Quantum Sufficit

Just Enough



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Am Fam Physician. 2000 Oct 15;62(8):1761-1762.

▪ Every product warning, no matter how unnecessary it may seem, was precipitated by the unexpected actions of at least one consumer. Case in point: the British Medical Journal recently reported that an 18-year-old Briton with a prominent right ear used super glue to press his ear back against the postaural skin to make his ears appear symmetric. It took six months for his severe skin reaction to heal before surgeons could perform a limited otoplasty on the young man.

▪ Speaking of warnings that shouldn't be necessary in an intelligent society: the American Optometric Association recently felt compelled to warn patients against tinting their contact lenses with food dye. According to Family Practice News, the warning cited the possibility of allergic reactions, infections from nonsterile dyes and impaired vision from deep-colored lenses. This practice seems to have become popular among kids who read about it in teen magazines.

▪ The National Law Journal reports that a Texas appellate court has reversed a 1999 jury verdict against a large, nationwide retail pharmacy. In the judgment, the court determined that pharmacists in Texas are not required to warn patients of possible adverse side effects of the prescription drugs they dispense. Attorneys representing the pharmacy successfully argued that the responsibility to warn of the potential dangers of a prescription drug rests with the prescribing physician, not the pharmacist. According to the report, an appeal is expected.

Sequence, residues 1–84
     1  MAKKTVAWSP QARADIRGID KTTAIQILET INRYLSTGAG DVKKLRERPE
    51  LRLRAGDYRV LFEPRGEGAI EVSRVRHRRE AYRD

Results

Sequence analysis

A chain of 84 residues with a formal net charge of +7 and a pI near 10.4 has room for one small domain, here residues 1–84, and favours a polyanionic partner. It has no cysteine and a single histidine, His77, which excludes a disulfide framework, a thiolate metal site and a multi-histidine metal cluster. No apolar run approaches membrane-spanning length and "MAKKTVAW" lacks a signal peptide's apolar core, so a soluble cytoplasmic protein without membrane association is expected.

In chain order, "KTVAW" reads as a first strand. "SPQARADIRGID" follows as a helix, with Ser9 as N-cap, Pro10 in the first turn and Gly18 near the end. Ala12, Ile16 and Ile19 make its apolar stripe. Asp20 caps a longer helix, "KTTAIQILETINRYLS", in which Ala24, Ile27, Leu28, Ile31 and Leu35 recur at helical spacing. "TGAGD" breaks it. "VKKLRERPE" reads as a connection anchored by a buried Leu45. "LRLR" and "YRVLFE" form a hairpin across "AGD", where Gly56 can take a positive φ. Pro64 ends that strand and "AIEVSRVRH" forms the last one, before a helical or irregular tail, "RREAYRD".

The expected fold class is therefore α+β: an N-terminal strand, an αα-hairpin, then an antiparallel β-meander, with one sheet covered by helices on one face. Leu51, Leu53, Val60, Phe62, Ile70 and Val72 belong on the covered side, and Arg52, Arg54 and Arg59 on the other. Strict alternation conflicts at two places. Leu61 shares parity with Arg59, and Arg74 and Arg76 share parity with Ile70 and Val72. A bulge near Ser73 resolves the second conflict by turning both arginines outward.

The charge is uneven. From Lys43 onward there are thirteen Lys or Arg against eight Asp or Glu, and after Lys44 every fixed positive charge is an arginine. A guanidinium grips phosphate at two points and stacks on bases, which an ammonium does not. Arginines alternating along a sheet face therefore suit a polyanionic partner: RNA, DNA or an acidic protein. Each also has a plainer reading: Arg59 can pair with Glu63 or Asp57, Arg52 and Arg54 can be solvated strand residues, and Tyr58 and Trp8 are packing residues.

▪ If sleeping eight hours each night is considered healthy, could sleeping seven hours be even healthier? According to a study reported recently in Family Practice News, people who get only seven hours of sleep per night live longer than those who sleep eight hours or more. The study of more than 1.1 million participants shows that the mortality risk ratio for sleeping 5.5 to 7.5 hours per night was less than that for sleeping more than 7.5 hours per night, whether or not participants used sleeping pills or reported insomnia. That's one less thing to worry about while tossing and turning in bed at night.

▪ Coronary heart disease may be a picky customer when targeting women. According to a study by researchers at the University of Pittsburgh Graduate School of Public Health, mortality rates for black women and women living in the South were highest. Among American women 45 to 54 years of age, there were 125 deaths per 100,000 blacks in Arkansas compared with 17 deaths per 100,000 white women in Colorado.

▪ Soon we will be able to throw birthday parties for water. A professor of earth and planetary sciences at Washington University in St. Louis has developed a nonradioactive method of giving water “fingerprints.” Using this technique to discover the age of water in any system, researchers and environmentalists will be able to assess water quality and track environmental changes.

▪ Simple: if you want to know if your patients are taking their medications, call their pharmacist. The University of Florida researchers' solution may be imperfect and cumbersome, but it might also save you and the patient unnecessary, sometimes life-threatening, complications in the long run.

▪ It might not be all in your head after all. Premenstrual dysphoric disorder might be partially caused by 30 percent lower levels of beta-endorphins, according to a study conducted at the University of North Carolina at Chapel Hill. This situation leads to lower pain thresholds and shorter tolerance times.